Submissions may be regular papers (up to 8 pages plus references) or short position/challenge papers (up to 4 pages plus references). All papers should conform to the AAAI formatting guidelines and style (https://www.aaai.org/Publications/Templates/AuthorKit21.zip).
The papers must be submitted in a PDF format via EasyChair system (https://easychair.org/conferences/?conf=intex2022). Submissions will be reviewed by at least two referees.
We welcome existing publications from other venues that are appropriate for discussion at this workshop. Please note in the title area if this work is already accepted at another venue. If the work is under review at another venue (e.g., IJCAI-2022) please notify the organizers so we can avoid potential reviewing conflicts.
Invited Talk: CraftBots Tutorial
The CraftBots simulation aims to be a new benchmark and competition environment for integrated planning and execution. Using a planning system effectively in the control of an agent acting in real-time poses a variety of challenges in integrating phases of planning with execution of plans. Integrated systems are developed with a focus on particular challenges, and it has been typically difficult to test, benchmark, and compare these systems. To do so requires a benchmark that has transparent and well-defined rules, and can be adapted to exhibit the problem characteristics of interest.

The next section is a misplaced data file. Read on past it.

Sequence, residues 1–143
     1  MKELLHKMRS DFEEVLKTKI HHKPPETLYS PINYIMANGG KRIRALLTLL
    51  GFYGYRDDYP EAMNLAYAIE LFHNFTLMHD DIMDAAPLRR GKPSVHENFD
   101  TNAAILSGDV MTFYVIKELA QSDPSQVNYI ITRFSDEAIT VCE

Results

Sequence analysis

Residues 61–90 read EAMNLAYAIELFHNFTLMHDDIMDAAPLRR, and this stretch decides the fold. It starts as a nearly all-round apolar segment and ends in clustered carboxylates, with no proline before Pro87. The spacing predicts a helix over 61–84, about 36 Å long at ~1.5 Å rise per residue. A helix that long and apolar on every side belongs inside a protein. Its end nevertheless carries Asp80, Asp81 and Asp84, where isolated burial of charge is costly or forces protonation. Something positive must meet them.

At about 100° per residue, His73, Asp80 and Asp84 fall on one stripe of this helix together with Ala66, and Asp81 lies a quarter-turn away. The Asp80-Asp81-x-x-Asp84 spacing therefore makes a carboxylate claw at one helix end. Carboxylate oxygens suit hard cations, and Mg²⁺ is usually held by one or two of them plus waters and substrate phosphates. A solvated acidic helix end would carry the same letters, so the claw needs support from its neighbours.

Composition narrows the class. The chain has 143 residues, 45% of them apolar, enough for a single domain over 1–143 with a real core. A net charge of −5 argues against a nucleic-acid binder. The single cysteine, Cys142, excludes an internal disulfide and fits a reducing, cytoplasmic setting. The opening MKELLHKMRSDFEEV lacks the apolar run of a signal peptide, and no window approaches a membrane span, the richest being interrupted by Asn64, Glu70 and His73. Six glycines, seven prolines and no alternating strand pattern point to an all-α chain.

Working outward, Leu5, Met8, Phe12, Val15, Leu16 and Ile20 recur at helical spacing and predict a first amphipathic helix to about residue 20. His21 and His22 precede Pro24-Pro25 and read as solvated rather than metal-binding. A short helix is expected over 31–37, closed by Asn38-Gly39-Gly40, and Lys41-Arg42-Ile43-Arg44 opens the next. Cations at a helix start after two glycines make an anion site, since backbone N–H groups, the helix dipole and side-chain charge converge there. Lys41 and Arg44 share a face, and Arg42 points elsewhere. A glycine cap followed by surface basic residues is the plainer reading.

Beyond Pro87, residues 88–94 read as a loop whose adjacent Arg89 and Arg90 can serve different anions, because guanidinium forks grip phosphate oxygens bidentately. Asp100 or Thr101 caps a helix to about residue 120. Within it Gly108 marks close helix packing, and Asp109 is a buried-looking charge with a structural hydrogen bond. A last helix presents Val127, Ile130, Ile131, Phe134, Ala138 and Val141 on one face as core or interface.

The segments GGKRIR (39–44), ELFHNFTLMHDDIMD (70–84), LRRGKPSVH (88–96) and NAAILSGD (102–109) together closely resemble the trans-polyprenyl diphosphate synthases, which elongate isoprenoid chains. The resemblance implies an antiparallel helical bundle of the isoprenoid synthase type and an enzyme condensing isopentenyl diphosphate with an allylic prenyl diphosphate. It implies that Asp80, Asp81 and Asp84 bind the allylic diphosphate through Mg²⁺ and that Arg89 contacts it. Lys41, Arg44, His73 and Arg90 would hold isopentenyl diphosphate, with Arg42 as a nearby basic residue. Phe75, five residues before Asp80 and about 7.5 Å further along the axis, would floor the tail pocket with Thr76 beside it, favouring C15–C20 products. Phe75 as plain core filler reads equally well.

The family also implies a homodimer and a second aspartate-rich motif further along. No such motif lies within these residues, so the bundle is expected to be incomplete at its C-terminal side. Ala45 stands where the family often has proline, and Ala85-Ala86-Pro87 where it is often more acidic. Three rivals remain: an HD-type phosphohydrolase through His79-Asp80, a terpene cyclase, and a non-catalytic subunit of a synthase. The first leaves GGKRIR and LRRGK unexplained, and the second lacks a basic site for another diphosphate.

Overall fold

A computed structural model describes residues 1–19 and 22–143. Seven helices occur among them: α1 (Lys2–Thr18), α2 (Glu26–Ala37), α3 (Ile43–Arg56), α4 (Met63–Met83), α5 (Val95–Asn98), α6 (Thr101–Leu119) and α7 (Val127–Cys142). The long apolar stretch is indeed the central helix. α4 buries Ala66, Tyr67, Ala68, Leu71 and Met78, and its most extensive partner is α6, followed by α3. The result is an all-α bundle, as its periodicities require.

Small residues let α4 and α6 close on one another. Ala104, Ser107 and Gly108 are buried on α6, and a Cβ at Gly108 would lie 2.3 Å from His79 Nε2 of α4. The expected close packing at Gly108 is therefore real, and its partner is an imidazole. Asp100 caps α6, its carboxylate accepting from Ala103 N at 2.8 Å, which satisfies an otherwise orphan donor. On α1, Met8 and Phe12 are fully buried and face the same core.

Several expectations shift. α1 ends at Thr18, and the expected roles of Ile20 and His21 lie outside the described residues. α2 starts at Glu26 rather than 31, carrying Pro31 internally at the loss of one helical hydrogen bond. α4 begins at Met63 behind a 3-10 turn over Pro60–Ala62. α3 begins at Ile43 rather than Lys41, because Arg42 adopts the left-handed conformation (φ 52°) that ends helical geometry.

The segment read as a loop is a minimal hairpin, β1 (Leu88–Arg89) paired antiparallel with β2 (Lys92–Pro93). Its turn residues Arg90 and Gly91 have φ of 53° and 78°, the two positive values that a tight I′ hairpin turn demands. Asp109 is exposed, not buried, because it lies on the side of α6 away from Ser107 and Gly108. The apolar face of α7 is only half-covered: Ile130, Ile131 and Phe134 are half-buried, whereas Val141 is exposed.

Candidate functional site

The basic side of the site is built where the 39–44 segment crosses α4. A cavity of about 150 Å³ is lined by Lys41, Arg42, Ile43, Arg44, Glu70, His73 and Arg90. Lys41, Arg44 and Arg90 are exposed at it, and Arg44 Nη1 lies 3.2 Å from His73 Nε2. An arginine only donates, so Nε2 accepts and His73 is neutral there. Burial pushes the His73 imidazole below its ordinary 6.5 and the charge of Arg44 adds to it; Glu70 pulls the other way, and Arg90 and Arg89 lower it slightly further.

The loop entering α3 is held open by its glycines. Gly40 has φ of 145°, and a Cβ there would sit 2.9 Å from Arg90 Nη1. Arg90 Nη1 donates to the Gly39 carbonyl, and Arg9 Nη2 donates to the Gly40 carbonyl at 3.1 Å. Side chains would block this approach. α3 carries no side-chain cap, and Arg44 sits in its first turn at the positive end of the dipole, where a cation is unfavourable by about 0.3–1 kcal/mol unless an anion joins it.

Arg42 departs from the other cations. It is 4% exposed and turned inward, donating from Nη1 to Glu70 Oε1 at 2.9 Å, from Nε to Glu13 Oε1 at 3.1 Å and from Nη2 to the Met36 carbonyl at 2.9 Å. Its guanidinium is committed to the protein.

Craftbots is an accessible (requirring only python3 and numpy) and adaptive benchmark simulation for integrated planning and execution. The simulation can be configured to present a wide variety of different scenarios and exhibit different problem features, such as temporal uncertainty, non-deterministic action outcomes, partial observability, and limited communications.
In this tutorial, Dr Michael Cashmore and Liudvikas Nemiro (both of University of Strathclyde) will guide participants through hands-on coding exercises during which participants will learn how to configure the scenario, implement a simple agent, and integrate the agent with the simulation API.
We invite all interested to join us for the exciting hands-on tutorial on CraftBots to learn about the framework and the competition!
- Paper submission deadline:
April 1, 2022April 8,2022(DEADLINE EXTENDED!)
- Notification of acceptance: May 6, 2022
- Camera-ready paper submission: June 3, 2022
- Workshop Date: June 13-17, 2022 (exact day TBA)
- Wiktor Piotrowski Palo Alto Research Center, wiktorpi at parc.com
- Sunandita Patra University of Maryland, College Park, patras at umd.edu
- Mark "Mak" Roberts Naval Research Laboratory, mark.roberts at nrl.navy.mil
- Tiago Vaquero Jet Propulsion Laboratory, vaquero at jpl.nasa.gov
- Ron Alford, MITRE Corporation, USA
- Stefan Bezrucav, RWTH Aachen University, Germany
- Gerard Canal, King's College London, UK
- Michael Cashmore, University of Strathclyde, UK
- Dustin Dannenhauer, Parallax Advanced Research, USA
- Riccardo De Benedictis, ISTC-CNR, Italy
- Michael Floyd, Knexus Research, USA
- Jeremy Frank, NASA Ames, USA
- Shakil Khan, Ryerson University, Canada
- Sravya Kondrakunta, St. Olaf College, USA
- Oscar Lima, German Research Centre for AI – DFKI, Germany
- Andrea Micheli, Fondazione Bruno Kessler, Italy
- Marco Roveri, University of Trento, Italy
- Vikas Shivashankar, Amazon Kiva, USA
- Roni Stern, PARC/Ben-Gurion University of the Negev, Israel